When Jerome Price graduated from Denison University in 2012, he had no doubt where his career path lay. “Education is the civil rights issue of this generation,” says Price, who headed to Washington D.C. to serve as a member of the Teach for America corps.
“When I arrived on Denison’s campus as a freshman, I knew that I wanted to teach,” said Price, whose first-grade teacher kindled the fire in him. “Why I wanted to teach became more apparent during my education.”
At Denison, his work as an America Reads tutor allowed him to see up-close the disparities that persisted between young children in Newark and Granville. “As a tutor, I witnessed how poverty and wealth impact student achievement. I knew that these two economic realities should not determine attainment. The experience pushed me to recognize that education was a civil rights issue.”
Price’s tenure as a member of the Teach for America corps was empowering and helped lay the foundation for the teacher he wanted to become. In addition to his undergraduate degrees in history and black studies at Denison, he completed a Masters of Education degree at George Mason University to become a change-maker in education.
He notes that educational disparities are stubborn and continue to exist between the academic achievement of Latino and African American students and their White and Asian American counterparts.
“I teach history at a culturally diverse public middle school in Rockville, Maryland. I want to positively impact the achievement gap at my middle school. This past spring, I met with my principal and a school counselor to propose and develop the Jaguar Scholars Leadership Program,” said Price. The student-driven organization (JSLP) brings together some-30 high-achieving 7th- and 8th-grade African American and Latino students.
“I want to positively impact the achievement gap at my middle school.“ — Jerome Price '12, teacher
“My scholars meet weekly and have a voice. I am proud to say that they have worked to create a project that addresses and may help close the achievement gap at our school.” The students have also traveled to City Hall and met with the Mayor and other local elected officials.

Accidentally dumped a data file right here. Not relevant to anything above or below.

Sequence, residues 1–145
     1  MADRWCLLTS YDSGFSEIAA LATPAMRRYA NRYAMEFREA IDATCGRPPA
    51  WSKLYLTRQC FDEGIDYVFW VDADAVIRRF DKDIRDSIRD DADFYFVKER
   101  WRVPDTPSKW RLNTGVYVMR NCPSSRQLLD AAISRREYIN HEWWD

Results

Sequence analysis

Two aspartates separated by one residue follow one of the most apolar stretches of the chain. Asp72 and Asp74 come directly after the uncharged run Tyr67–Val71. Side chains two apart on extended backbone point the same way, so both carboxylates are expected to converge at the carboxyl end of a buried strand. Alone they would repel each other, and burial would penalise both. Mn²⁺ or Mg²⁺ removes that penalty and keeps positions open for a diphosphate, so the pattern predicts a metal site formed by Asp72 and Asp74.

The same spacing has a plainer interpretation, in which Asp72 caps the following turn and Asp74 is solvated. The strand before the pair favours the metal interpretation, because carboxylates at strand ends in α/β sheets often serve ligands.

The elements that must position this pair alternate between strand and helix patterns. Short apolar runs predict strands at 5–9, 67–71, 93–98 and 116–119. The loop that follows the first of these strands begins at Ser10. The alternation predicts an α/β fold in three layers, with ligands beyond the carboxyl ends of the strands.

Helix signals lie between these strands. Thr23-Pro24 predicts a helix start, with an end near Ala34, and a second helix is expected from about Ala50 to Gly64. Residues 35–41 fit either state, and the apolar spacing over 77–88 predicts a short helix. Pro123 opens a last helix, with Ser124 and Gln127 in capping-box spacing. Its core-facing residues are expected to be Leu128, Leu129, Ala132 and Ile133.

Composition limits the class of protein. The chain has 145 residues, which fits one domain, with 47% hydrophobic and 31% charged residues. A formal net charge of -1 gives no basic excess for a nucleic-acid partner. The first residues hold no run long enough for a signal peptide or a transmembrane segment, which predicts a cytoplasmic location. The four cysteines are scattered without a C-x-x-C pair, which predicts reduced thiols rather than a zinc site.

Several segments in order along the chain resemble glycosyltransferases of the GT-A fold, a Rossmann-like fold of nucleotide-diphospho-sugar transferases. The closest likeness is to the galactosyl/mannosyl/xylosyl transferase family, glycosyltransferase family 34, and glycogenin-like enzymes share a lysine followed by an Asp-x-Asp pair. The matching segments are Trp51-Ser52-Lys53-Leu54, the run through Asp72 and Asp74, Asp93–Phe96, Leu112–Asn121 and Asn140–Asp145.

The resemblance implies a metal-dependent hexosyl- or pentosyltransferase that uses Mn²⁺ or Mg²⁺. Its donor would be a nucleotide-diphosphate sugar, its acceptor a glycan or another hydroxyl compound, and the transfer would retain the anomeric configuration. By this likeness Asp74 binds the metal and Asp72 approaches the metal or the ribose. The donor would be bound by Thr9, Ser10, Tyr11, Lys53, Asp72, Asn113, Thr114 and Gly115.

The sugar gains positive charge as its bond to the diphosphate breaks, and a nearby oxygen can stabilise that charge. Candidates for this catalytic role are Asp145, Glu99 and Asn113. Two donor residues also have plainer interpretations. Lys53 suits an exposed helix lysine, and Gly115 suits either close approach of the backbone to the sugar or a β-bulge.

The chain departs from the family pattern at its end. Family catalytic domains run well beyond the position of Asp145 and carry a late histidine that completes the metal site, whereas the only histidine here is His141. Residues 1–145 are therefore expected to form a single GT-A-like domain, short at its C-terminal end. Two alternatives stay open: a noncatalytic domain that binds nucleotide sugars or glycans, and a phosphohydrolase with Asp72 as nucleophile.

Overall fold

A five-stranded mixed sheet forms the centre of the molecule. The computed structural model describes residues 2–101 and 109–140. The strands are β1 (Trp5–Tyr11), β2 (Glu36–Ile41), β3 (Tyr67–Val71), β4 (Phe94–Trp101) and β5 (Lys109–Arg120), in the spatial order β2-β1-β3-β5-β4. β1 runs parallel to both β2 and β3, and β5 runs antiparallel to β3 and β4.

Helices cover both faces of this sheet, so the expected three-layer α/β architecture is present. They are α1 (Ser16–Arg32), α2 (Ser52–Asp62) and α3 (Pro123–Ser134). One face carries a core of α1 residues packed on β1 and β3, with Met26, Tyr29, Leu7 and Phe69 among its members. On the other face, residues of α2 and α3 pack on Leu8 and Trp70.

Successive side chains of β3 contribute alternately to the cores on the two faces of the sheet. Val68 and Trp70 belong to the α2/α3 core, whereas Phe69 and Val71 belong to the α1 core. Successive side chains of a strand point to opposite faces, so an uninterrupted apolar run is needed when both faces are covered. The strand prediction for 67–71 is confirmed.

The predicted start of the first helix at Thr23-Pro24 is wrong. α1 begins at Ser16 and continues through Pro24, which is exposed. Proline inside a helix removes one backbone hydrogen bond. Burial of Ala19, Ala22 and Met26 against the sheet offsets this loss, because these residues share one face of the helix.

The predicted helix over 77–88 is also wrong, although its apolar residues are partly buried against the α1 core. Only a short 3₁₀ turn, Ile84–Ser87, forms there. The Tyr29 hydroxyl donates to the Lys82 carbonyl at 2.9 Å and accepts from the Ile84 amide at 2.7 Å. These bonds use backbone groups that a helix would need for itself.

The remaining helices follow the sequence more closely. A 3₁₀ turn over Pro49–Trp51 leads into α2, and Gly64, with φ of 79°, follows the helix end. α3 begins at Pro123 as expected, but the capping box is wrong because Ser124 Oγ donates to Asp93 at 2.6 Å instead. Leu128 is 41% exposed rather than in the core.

“Next month, my scholars will tour Georgetown University and meet some of its current African American and Latino student leaders. The opportunity to connect the leaders of today with the leaders of tomorrow is priceless,” he added.
Another sign of his aptitude — Price was awarded the Milton Wolf Prize in teaching from Centropa, a Jewish historical institute based in Vienna, Austria. The funded recognition is given to a talented teacher who builds a lesson plan around the history of humanitarian aid in Sarajevo, where the Jewish community humanitarian aid society, La Benevolencija, opened their synagogue to their neighbors – Muslims, Serbs, Croats – to work together during the Bosnian war (1993-1995) to help one another survive.
“Jerome stood out for his intellectual curiosity about the relationship between educational institutions and student achievement,” said Toni King, associate professor of black studies. “He was always interested in what schools could do to help students overcome the achievement gap and he worked across both of his majors to answer those questions. Moreover, he was a bridge builder and peacemaker in everything he did.”
For Price, his work is part of an on-going effort to make a difference for his students. “After considering a number of options, my scholars voted on a JSLP motto. A phrase coined by one of our members, ‘Current Students, Future Leaders,’ won. This motto inspires me and answers the question of why I teach.”
See Price's Jaguar Scholars in action: